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Bryce Rudow likes music. You can send all hatemail to [email protected] and tweet vitriol at him @btr0218 (or follow him to make him feel more popular while getting access to random new music he doesn’t have the time to write about). 

Overloaded by all the “new music” options you keep hearing about? We’re here to help.  Here are four songs we think you should fucking know (this week).  

 

  • Limp Bizkit – “Ready to Go”

Sometimes, the title of this column cuts both ways and there are songs that you should fucking know, even when I’m sure you won’t enjoy them…

This is one of those songs…

Limp Bizkit just released a new single…

Featuring Lil Wayne…

I wish I could tell you that it’s at least a guilty-pleasure for someone like me that at 12 did it all for the nookie despite not knowing what nookie meant and who knows every line to every song on Da Drought 3, but I can’t. This song is terrible, I mean really terrible, but you should fucking know just how terrible it is.

Ignorance is bliss sometimes.

 

  • Zorch – “We All Die Young”

There’s nothing intrinsically special about the name Zorch, as odd a name as it is, but as I was perusing my daily influx of music-PR email blasts, something told me I should click the link next to their name. Spin had their whole album to stream and was previewing it with comparisons to Animal Collective, Dan Deacon, and The Flaming Lips, so I felt even more compelled to see what Zorch was all about.

Call me a pessimist, but I actually wasn’t expecting much; acts like Animal Collective and Dan Deacon flirt so much with the line between amazing music and chaotic crap that most imitators end up falling into the pile of unpleasant shit. Schadenfreudishly skeptical, I queued up ZZoorrcchh and hit play.

After a dizzyingly ominous one-minute instrumental introduction track, I was smacked in the face with the exhilaratingly overblown “We All Die Young” and the admittedly elated and definitely elating single was some of the most enjoyable pop music I had heard since I was first introduced to Stepdad. The beginning bright electronic riffs rip into a spastic melody that is only intensified by the introduction of its aggressive, energetic drums. It’s a purely deafening celebration for four and a half minutes.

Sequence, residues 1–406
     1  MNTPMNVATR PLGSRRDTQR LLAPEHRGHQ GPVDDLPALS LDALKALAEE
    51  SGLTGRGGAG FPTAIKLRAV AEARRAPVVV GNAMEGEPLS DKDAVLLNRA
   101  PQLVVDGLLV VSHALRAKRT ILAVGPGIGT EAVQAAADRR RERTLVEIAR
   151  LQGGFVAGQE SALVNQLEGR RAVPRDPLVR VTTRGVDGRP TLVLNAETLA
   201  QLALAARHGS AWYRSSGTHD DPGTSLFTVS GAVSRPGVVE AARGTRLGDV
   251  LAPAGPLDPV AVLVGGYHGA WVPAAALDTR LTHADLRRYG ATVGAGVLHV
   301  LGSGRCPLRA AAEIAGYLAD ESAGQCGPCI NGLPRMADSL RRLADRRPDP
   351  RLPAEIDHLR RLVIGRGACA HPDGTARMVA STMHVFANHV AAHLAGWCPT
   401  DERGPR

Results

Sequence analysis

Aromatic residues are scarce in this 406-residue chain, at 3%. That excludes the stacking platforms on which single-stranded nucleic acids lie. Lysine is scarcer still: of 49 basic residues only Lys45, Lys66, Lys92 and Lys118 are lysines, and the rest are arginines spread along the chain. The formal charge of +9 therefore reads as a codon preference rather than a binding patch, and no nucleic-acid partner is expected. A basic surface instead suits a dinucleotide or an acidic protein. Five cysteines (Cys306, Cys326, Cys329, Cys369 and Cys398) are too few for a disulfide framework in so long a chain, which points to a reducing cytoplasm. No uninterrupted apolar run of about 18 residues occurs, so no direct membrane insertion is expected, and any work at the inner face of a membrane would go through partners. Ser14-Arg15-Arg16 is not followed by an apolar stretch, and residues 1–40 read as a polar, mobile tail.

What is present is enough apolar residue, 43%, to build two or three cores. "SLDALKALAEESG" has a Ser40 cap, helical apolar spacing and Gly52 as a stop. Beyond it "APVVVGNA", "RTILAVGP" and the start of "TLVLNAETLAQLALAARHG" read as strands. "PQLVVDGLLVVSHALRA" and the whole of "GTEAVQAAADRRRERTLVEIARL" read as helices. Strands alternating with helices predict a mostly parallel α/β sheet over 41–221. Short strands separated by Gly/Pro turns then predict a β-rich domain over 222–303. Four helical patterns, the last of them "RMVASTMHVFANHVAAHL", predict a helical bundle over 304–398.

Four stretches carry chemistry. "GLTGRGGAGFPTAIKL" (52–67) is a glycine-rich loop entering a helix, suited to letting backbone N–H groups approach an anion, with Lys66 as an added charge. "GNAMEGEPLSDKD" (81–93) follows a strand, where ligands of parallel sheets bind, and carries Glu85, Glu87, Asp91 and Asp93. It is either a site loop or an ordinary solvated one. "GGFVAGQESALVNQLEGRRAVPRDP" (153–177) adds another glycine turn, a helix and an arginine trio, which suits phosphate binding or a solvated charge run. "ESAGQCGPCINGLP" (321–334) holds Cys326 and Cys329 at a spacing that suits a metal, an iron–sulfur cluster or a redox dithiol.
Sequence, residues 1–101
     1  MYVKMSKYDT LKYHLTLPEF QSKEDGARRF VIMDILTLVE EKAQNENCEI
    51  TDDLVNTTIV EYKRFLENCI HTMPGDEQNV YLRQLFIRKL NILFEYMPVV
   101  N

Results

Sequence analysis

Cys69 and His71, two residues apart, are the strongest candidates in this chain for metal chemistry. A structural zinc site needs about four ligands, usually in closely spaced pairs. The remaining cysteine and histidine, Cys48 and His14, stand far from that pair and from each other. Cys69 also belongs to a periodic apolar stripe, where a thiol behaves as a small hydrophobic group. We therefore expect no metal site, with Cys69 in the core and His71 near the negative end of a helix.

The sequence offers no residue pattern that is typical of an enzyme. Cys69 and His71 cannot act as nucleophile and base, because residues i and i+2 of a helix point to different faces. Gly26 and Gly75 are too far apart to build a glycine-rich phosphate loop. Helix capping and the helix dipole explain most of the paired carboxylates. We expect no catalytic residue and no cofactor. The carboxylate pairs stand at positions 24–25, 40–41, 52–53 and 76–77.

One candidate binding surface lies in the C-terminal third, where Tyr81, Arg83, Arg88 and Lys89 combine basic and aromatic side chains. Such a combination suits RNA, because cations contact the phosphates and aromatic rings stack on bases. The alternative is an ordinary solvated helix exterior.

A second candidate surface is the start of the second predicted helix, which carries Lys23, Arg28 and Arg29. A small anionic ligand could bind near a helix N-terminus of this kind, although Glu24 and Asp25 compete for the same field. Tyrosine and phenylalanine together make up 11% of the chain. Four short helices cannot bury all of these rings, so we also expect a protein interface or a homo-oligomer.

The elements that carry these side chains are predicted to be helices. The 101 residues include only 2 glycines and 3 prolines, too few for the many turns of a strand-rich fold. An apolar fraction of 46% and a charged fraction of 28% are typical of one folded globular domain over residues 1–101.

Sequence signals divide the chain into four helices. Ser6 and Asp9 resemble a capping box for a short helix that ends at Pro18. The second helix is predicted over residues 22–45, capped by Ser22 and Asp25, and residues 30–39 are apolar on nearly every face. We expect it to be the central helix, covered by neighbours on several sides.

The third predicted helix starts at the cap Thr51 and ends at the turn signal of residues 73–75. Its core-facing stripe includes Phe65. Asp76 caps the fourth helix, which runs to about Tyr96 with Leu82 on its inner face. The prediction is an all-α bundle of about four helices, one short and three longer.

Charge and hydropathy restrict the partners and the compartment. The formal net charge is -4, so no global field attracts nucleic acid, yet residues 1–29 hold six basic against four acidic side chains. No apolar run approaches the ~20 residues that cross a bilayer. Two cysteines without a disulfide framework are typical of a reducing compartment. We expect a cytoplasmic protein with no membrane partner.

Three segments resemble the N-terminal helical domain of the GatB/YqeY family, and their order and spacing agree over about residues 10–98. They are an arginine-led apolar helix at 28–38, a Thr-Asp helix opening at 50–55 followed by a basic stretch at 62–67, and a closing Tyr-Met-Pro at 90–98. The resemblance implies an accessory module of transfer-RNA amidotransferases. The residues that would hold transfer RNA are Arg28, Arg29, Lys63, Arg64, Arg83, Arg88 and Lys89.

I’m confident that single will carry them to a few new places outside of their hometown of Austin, where the duo of Zac Traegr and Sam aka Shmu (no clue about that one) reside, but their entire sort-of-self-titled debut LP shouldn’t be overlooked just because of one catchy single that warrants constant repetition.

There is the afro-inspired “This Is The Way It Goes”. There is “Mutwa,” which is a trippy slow-build of a song that leads to a massive payoff, ensconcing itself in a dark deep bass-heavy groove whose death rattle sounds like an old school arcade violently exploding. There is “Zut Alors,” which besides being one of my favorite expressions from middle school French, is a standout relatively-deep cut, its instrumental barrage of sound marching on for two and half minutes before building to a Dan Deacon-esque anthemic outro. And then there is “Cosmic Gloss”…

A quick rant about the destined-to-be-worshipped “Cosmic Gloss,” though: While doing my due diligence on the band and coming across bizarre reviews like this one (WHAT WAS THAT?!), I had heard that this song was nothing short of an experience, so I waited for a quiet day at the park last Sunday to check it out. The oasis of Meridian Hill set under the kind of clouds that are meant for sky-watching was the perfect backdrop to understand this disorienting journey of a song that somehow incorporates sample-pop vocals beautifully over what starts as a chill-hop psychedelic beat before canonizing itself into a an R&B space epic, only to eventually synthesize the two styles for an ending that really deserves to close out the album. Trust me; do yourself a favor and wait to hear this song when you can actually hear it as opposed to just listen to it.